senior woman getting out of bedFalls are something we talk about often here on our blog. And for good reason — falls are a big concern for older adults. Falls are the leading cause of death resulting from injury, and the most common cause of hospital admissions for trauma in seniors.

Many falls result in broken hips, which cause over 300,000 Americans to be hospitalized each year. Broken hips almost always require surgery, and the recovery process is long and tedious, with a high chance of further injury.  In addition to the physical injury, older adults also experience emotional consequences as a result of a fall.  Adults may become fearful of moving about and leaving the house.  Falls can increase isolation and may lead to an episode of depression.

Fall Safety Tips for the Elderly

  1. Get a check-up. The first step to preventing falls is to make sure you don’t have any treatable medical conditions that could cause you to slip and fall. Bring a list of your medications (both prescribed and over-the-counter), and ask your doctor if any of them could cause balance, vision, or other troubles that could make you unsteady on your feet. Have you doctor check you out for eye, ear, and other conditions that can affect your balance and coordination. Ask your doctor what fall-prevention strategies he or she recommends for you.
  2. Stay active. Keeping your body healthy is one of the best ways to prevent falls. Exercise keeps up your balance, reflexes, and muscle and bone strength, helping you stay on your feet, and also helping prevent serious injury if you do slip. You don’t have to compete in a marathon to get the benefits, either. Low-impact exercise such as yoga, water aerobics, or daily walks will keep your muscles and joints strong.
  3. Get rid of fall hazards around the house. Chances are, there are things lurking around your home that could cause a fall. Walk around your home with a critical eye, and remove anything that could potentially cause a fall, such as: objects in walkways, such as electrical cords, coffee tables, plants, and newspapers; loose rugs (secure them with rug tacks or slip-resistant backing, or remove them altogether), slippery surfaces (use nonskid floor wax and nonslip mats in the bathroom), and fix any loose floorboards or carpeting right away.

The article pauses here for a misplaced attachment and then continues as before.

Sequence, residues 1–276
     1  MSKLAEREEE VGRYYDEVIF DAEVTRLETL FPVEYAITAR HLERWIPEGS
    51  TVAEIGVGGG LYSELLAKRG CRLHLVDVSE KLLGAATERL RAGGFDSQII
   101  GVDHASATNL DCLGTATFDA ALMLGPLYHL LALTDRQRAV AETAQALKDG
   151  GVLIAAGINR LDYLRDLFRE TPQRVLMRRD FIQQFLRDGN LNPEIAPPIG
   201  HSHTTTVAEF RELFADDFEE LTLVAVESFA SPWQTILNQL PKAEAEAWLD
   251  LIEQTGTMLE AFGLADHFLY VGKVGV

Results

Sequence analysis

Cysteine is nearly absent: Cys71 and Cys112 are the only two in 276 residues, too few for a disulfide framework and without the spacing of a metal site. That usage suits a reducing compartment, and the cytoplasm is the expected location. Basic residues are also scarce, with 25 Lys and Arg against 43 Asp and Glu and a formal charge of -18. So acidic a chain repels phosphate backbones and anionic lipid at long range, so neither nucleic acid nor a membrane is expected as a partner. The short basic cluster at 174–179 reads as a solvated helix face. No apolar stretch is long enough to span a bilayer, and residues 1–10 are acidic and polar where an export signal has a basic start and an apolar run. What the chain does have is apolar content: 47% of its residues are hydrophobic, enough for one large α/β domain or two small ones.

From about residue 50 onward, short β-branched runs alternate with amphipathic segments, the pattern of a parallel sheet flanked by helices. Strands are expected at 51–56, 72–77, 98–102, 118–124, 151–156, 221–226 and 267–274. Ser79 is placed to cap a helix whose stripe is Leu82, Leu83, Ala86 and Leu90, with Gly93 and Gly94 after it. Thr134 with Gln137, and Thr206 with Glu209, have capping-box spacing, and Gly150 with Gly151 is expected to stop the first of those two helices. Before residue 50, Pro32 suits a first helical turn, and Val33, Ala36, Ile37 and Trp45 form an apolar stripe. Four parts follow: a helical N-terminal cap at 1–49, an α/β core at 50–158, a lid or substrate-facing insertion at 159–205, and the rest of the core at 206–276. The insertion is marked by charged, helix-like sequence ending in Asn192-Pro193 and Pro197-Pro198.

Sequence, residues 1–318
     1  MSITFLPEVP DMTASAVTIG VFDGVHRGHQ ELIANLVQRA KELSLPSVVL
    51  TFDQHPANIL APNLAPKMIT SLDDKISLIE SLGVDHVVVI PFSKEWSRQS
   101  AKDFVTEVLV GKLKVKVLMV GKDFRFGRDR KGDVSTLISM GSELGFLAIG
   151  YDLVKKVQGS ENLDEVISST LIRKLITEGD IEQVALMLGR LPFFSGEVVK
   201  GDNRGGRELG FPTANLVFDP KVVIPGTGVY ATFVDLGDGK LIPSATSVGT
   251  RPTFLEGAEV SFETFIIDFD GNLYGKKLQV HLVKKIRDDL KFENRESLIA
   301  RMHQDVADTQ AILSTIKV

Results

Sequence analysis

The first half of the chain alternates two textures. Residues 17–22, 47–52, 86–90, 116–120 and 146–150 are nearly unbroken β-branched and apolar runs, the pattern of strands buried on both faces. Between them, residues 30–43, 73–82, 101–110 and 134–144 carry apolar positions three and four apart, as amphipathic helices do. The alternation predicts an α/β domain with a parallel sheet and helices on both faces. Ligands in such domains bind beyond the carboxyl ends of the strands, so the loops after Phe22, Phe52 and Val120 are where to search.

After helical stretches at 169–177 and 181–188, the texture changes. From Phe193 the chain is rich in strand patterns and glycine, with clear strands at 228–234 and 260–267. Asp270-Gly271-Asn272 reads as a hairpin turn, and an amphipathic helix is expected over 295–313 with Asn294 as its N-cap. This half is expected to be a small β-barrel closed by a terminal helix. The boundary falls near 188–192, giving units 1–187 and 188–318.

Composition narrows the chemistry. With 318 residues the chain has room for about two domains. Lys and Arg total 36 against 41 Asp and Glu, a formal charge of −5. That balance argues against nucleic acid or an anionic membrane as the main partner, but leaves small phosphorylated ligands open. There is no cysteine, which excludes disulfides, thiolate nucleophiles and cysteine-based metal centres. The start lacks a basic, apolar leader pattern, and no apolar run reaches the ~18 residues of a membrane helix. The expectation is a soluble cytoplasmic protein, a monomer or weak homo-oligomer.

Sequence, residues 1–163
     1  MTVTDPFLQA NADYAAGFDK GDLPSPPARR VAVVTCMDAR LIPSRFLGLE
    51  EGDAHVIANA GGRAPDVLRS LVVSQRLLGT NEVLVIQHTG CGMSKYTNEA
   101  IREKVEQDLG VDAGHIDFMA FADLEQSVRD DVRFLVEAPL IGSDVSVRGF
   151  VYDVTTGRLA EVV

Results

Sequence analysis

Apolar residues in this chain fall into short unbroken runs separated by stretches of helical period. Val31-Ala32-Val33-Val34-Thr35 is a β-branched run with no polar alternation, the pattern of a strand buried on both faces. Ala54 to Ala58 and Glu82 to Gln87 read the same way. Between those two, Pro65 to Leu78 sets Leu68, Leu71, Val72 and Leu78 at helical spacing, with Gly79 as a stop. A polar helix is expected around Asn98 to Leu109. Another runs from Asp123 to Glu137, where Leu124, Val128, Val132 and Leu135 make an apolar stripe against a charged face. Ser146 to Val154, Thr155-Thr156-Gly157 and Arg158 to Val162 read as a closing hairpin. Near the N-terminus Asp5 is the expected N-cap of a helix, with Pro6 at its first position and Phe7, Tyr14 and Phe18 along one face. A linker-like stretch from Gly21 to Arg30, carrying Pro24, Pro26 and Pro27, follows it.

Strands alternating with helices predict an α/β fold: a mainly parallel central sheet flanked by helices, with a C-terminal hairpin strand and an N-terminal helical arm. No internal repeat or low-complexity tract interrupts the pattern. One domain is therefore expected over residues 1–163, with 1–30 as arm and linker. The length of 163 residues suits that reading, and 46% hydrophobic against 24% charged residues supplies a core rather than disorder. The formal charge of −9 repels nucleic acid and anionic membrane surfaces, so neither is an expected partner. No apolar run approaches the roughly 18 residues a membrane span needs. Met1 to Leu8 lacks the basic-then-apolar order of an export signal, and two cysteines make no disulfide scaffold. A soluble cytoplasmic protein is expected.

4. Wear the right shoes. Your old slippers may be comfortable, but they’re called slippers for a reason! Don’t shuffle around the house: always wear properly-soled shoes to help prevent slips.
  5. Light things up. Vision changes can mean that you can’t see around your softly-lit home as well as you used to. Brighten up those lights to help you see where you’re going. Pay special attention to walkways and dark stairwells. Make sure your path to the bathroom is lit with nightlights in case you need to get up in the middle of the night. And keep flashlights in key places, like your nightstand and kitchen drawer, so you don’t have to go hunting if the power goes out.
  6. Use assistive devices. Don’t let pride prevent you from taking advantage of devices that can help you stay safe. If your doctor recommends a walker or cane, use it. Install grab bars in the shower or tub, hand rails for both side of the stairway, nonslip stair treads, and a raised toilet seat. These little things will help make your life safer, and easier too!

Many falls are preventable — but you have to take the initiative to follow the above steps. Set a deadline for yourself to accomplish fall-prevention tasks. For motivation, remember that the small amount of time you’ll take now is an investment in keeping yourself independent for the long-term.

For more information about falls, read our pasts blog posts on slips and falls:

For more information, please review our Fall Prevention Resources.

Have you recently made your home fall safe? Do you have more fall prevention tips that you would like to share? Tell us in the comments below.